“Emails, so aggressive that I began to dread logging into my computer. I was made to feel incompetent, incapable of doing minor tasks correctly and peppered with questions that felt more like inquisitions,” she wrote.  

Eswar said that on one occasion, she was asked about a missing camera that she insisted she never bought for the project and was told she would have to file a police report for insurance purposes if she couldn’t recover it.

“In spite of me insisting that there was no camera bought, I was repeatedly interrogated, making me feel like a criminal…It reached a point where I began to question my own sanity, my memory, my actions, my thoughts. After much heart wrench and soul searching, I resigned. I left the project and everything that I had worked towards to that point behind.” 

Eswar wrote that she felt compelled to share her story after the AGM made a “hypocritical” #BlackOutTuesday post in support of Black Lives Matter on Instagram. 

In the statement posted to its website, the AGM said it has created a public advisory committee in response to the situation.

“We do intend to take thoughtful action for positive change,” the gallery wrote, adding that its board is comprised of a “diverse, multicultural group of individuals who are committed to contributing in an equitable and inclusive way.” 

The gallery said it has invited members of the public to join its committee, which it says will contribute to the “ongoing process of upholding and growing the mandate of the gallery.” 

“We take great pride in our mandate and support access for all. We continue to hire artists for various projects from all communities. We continue to work closely with our benefactors. In 2019 our database indicated hundreds of artists hired from the BIPOC community,” the AGM said.

“Our staff database indicates great representation of individuals that are multicultural and inclusive of all people. As well, we continue to increase representation of newcomers to Canada to enhance our learning experiences through our various projects.”

The City of Mississauga, which provides space and funding to the AGM, said it’s keeping an eye on the situation and working to ensure that the gallery is not in violation of the city’s funding terms and conditions.  

It did not signal any intent to pull funding from the gallery at this time but said it is monitoring the controversy.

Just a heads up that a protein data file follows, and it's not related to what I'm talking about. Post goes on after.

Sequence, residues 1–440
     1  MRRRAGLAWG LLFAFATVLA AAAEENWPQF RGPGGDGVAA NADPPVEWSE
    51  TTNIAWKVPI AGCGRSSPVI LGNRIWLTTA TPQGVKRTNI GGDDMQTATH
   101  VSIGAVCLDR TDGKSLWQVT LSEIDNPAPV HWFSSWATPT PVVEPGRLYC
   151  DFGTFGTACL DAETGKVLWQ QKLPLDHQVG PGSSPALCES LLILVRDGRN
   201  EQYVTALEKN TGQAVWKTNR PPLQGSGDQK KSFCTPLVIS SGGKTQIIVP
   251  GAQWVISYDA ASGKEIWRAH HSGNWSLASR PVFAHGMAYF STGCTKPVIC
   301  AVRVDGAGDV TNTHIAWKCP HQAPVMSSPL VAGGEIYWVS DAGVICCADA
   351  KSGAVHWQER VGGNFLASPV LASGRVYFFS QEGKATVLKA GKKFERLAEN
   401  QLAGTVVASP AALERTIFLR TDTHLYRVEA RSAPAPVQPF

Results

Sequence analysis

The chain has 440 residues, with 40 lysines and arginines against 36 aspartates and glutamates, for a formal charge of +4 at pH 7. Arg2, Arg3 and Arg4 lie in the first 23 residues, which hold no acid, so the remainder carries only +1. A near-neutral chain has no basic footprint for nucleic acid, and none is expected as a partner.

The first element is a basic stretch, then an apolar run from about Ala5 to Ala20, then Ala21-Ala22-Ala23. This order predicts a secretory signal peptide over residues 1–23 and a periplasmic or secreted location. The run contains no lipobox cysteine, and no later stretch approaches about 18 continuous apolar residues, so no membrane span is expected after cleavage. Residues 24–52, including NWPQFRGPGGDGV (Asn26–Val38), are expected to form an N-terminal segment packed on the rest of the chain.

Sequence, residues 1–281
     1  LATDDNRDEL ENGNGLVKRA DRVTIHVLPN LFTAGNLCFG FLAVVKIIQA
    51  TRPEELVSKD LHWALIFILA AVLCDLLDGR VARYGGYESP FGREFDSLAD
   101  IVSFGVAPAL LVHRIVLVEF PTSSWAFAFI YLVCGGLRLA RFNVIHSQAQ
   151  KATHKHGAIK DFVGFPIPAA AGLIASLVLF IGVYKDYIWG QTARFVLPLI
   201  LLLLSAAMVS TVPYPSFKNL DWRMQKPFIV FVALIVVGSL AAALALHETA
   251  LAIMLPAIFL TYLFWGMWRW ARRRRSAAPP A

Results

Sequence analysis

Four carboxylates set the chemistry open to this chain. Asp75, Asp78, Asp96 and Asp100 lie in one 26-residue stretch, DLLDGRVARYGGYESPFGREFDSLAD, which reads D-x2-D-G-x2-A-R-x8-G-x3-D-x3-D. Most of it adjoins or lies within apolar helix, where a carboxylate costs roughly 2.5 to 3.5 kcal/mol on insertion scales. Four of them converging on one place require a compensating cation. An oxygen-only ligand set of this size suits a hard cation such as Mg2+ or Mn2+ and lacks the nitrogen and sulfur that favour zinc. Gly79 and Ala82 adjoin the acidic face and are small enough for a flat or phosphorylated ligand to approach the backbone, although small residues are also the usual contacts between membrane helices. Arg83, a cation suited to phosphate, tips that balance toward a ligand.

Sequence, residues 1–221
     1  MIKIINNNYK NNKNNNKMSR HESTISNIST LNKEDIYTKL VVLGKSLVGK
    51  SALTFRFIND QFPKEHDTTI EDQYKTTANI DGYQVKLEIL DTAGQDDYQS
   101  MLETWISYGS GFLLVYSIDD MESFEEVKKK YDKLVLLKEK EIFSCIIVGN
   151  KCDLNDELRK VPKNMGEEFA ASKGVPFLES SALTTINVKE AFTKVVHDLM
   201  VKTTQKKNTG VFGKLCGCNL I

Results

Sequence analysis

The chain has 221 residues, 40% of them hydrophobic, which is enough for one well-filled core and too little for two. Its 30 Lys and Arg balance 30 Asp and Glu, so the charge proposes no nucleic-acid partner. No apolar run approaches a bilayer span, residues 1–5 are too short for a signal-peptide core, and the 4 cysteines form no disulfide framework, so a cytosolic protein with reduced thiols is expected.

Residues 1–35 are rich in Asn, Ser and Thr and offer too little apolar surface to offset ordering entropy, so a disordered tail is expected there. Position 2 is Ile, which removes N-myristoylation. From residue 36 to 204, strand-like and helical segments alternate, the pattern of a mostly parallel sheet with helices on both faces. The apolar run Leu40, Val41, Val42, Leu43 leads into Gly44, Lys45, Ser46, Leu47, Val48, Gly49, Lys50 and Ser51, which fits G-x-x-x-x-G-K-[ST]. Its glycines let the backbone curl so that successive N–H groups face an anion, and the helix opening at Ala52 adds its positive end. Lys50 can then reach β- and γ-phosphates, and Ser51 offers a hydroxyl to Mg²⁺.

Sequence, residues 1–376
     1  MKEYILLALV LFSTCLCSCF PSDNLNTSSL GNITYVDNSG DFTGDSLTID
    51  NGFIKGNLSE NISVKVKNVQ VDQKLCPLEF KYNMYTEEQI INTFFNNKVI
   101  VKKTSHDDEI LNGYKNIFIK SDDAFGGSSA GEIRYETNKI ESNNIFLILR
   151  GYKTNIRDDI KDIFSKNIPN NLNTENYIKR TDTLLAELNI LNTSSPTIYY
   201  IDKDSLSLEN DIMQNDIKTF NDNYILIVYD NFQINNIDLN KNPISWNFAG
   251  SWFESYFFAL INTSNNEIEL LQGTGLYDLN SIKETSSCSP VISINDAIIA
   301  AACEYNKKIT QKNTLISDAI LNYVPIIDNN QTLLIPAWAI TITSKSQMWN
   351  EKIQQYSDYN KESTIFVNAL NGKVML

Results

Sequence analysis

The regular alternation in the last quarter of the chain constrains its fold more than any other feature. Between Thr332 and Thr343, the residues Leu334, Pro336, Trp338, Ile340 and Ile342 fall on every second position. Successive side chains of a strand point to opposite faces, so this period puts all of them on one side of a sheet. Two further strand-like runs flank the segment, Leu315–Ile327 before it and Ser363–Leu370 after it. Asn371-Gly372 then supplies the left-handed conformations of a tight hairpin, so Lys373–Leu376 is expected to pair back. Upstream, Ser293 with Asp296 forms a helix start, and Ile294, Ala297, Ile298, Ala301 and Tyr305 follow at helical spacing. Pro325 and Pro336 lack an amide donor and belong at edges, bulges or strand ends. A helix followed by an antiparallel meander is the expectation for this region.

“The [AGM] is a separate and autonomous not-for-profit organization with its own board of directors and policies. In keeping with our role as a funder, staff have engaged the gallery’s board leadership on these matters to ensure that the gallery is not in violation of its funding terms and conditions,” Sonja Banic, Manager, Culture Services, said in an email to

“The city’s values, policies and commitment to equity, inclusion and the assurance of safe and respectful workplaces are requirements that we demand all of our funded groups to demonstrate and uphold. Our grants team is continuing to monitor this issue and will maintain regular contact with the AGM’s leadership group over the balance of this current funding year.”

According to the gallery’s website, the AGM, which is located inside City Hall, is still closed due to COVID-19-related restrictions. 

Cover photo courtesy of the AGM’s official Facebook page


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MUSE NEWS: Highlighting the new Douglas Family Art Centre – The Kingston Whig-Standard



Let me introduce you to the Douglas Family Art Centre, a new addition to Kenora. Come visit us downtown across Memorial Park from the Lake of the Woods Museum. The building incorporates the former land titles building with a new addition. It was designed by Nelson Architecture and built by Solid Construction; both local companies. The space is gorgeous. Inspired by the old building and the natural elements of our region the Art Centre is a vibrant place that engages the senses and the mind.

My role as curator is to manage the selection and interpretation of art on display. There are two gallery spaces that present art exhibitions from regional, provincial and national artists. The main room of the former land titles building is a grand studio space where creatives of all ages and abilities make art in classes and workshops presented by Shelby Smith, the art centre programmer and/or visiting artists. There is a library for anyone curious or interested in anything art. Take a book out or enjoy one of the two lounges on the second floor. There is a multipurpose room for rent that is glowing with natural light and has a full kitchen. The MUSE shop features artwork from local artists and vendors as well as carefully selected creative gifts. There is artwork throughout the building as well, wood and bronze sculpture, photography and colour woodblock prints. If you are one who enjoys geology you will love the fossils in the Tyndall stone used in the interior and exterior of the building.